Some naturalists contend that snakes cannot hear. Actually, however, recent findings show that these animals have an auditory mechanism and can hear fairly well. For instance, researchers Peter H. Hartline and Howard W. Campbell found that not only substrate vibrations but also airborne sounds evoked electrical responses in species of three snake families. Concerning a boa constrictor, they wrote: “If a brain response is accepted as indicative of hearing, these snakes can hear airborne sound.”—Science, March 14, 1969, Vol. 163, No. 3872, page 1222.
The Bible implies that the cobra can “listen to the voice of charmers.” (Ps. 58:4, 5) In this regard, the New York Times of January 10, 1954, stated: “Dr. David I. Macht, research pharmacologist of the Mount Sinai Hospital in Baltimore, is one of the world’s leading authorities on cobra snake venom. . . . Dr. Macht reported that in working with cobras and cobra venom he became acquainted with a number of Hindu physicians, well educated, and from different parts of India. All agreed that cobras respond to some musical tones, from musical pipes or fifes. Some forms of music excite the animals more than other forms, the physicians reported. Indian children, playing in the dark in the countryside, are even warned not to sing lest their sounds attract cobras, he said. Dr. Macht commented that Shakespeare, who repeatedly referred to serpents as deaf . . . merely repeated a common misunderstanding. On the other hand, Dr. Macht said, the psalmist was right who implied conversely, in Psalm 58, Verse 5, that serpents can hear: . . . Contrary to the claims of some naturalists, Dr. Macht said, snakes are ‘charmed’ by sounds, not by movements of the charmer. Revise the textbooks, the physicians recommended.”
What About Insects?
Some researchers have concluded that not all insects can hear. Yet, many of these little creatures have remarkable hearing ability. Some respond to sounds below man’s auditory range. Others can detect those over two octaves higher than any that humans can perceive.
Insect auditory equipment varies and often turns up in unusual places. Eardrums of short-horned grasshoppers are on the sides of their abdomens. The male attracts a lady grasshopper by rubbing the edges of his front wings with spines attached to his back legs. This is ‘music to the ears’ of the female that hears it and decides to become his mate.
Katydids and crickets have “ears,” too. Where? Just below what you might term the “knees” on their front legs. Of course, these are only tiny openings. But all the female katydid must do to pick up the male’s mating sound is to move her legs in the direction of the call!
The Marvel of Echolocation
Some creatures employ the sense of hearing in quite an extraordinary way. They are equipped for echolocation. These animals emit high-frequency sounds and are guided, by listening and responding to rapidly returning echoes as the sounds are reflected by objects. For instance, bottle-nosed dolphins use this method to avoid underwater obstacles.
Among echolocators is a well-known flying mammal—the bat. If you were to release a bat in a completely dark room, it could-fly about without hitting the walls or other objects. This is because the animals emit sound pulses of high frequency; as the sounds strike obstacles, they listen for the echoes. Why, they sometimes send out over 200 pulses a second! By interpreting the messages resulting from these echoes, the creature-charts a safe course.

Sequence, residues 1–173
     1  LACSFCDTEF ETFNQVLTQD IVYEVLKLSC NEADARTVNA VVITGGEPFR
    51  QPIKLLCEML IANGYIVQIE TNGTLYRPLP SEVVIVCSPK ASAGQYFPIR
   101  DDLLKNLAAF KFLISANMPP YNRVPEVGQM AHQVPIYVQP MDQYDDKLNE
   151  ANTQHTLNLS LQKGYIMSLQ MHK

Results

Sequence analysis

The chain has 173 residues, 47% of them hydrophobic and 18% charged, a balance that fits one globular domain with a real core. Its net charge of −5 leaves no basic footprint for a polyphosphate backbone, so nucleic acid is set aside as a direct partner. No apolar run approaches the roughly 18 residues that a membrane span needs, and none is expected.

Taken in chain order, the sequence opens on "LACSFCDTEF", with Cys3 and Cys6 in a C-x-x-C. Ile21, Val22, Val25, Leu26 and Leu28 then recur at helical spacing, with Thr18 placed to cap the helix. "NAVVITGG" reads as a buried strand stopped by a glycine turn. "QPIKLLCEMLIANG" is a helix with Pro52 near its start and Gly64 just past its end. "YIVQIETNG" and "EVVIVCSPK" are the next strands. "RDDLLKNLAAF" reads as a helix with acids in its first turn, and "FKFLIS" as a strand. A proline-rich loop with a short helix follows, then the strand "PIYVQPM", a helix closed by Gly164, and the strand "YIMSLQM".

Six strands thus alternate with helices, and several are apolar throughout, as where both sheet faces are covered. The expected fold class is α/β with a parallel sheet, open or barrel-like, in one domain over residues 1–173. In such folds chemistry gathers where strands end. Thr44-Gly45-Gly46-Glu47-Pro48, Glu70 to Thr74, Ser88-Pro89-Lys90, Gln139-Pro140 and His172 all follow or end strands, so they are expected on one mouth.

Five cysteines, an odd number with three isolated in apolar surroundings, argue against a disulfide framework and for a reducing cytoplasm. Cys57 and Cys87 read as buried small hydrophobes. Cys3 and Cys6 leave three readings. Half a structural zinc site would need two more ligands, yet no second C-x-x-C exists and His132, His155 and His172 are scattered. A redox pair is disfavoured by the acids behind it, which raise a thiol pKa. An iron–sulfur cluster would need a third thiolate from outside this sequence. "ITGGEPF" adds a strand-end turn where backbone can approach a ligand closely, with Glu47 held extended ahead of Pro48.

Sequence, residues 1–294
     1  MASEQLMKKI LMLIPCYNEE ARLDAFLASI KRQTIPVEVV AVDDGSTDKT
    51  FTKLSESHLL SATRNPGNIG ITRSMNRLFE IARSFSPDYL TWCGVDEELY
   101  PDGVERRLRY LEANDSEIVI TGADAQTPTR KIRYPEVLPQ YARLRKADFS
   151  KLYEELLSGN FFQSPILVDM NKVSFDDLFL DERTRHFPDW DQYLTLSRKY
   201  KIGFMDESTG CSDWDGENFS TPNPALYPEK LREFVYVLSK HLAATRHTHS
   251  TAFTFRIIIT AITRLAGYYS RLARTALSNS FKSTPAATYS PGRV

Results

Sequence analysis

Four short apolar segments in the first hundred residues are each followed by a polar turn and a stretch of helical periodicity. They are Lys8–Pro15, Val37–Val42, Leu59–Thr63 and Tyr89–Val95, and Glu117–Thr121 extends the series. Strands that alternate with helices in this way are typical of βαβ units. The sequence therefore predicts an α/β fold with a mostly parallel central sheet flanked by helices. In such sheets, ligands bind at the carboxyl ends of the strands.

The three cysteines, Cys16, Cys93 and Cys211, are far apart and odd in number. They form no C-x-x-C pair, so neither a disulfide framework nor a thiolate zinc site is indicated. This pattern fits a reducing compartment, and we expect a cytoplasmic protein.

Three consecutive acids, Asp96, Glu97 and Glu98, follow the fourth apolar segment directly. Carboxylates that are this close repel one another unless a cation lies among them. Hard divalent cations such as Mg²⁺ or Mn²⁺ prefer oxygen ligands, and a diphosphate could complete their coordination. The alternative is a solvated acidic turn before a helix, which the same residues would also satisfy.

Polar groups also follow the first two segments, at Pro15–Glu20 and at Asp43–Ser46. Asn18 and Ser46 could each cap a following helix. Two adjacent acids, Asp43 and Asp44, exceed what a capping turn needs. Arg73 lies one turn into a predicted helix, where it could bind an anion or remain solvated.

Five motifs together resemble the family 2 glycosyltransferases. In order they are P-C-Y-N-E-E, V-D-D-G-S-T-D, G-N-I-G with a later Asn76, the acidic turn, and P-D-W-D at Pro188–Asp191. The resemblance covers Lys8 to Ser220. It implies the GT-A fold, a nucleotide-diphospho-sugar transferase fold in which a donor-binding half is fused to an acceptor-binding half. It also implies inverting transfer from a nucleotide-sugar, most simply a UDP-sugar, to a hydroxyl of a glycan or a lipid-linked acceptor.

The bat also uses its astounding guidance system to locate the insects on which it dines. But just how it tells the difference between echoes reflected by obstacles and those returning from potential meals remains a mystery to man. For that matter, certain bats catch their prey right on the obstacle, a leaf.
Another remarkable factor is that the bat does not hear the sounds it emits. Every time one is sent out, ear-muscle contractions ‘turn off the sound’ so that only the echo is heard. Furthermore, each bat may possess and follow its own pattern of sound because there is not mass confusion when hundreds of these creatures flock together.
What a system of sound emission and hearing the Creator has given the bat! It has been said: “Scientists estimate that, ounce for ounce and watt for watt, the bat’s sonar is a billion times more sensitive and efficient than any radar or sonar device contrived by man.”—James Poling, in Marvels & Mysteries of Our Animal World.
Protect Your Hearing Ability
Whether you look at the animals or consider yourself, doubtless you will admit that hearing ability truly is amazing. And surely you will want to care for and protect your hearing apparatus.
Your ears are being assailed by many unwanted sounds in this modern world. Noise pollution has become quite a problem in many places. If you must work around excessively loud machinery, for example, the use of earplugs may be advisable. They may protect you against ear injury and hearing loss.
If you now are a tobacco user, another way to protect your hearing is to stop using tobacco. The nicotine in tobacco causes constriction of inner-ear arteries. This, in turn, reduces blood flow and consequently the flow of nourishment that the inner ear needs in order to play its vital role in your life.
Never probe in your ears with objects such as hairpins or matchsticks. If you break the skin in this way, infection may result.
Do you have your ears examined from time to time? Well, having periodic ear examinations would not be amiss. It certainly pays to protect your amazing ability of hearing.
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THE HUMAN EAR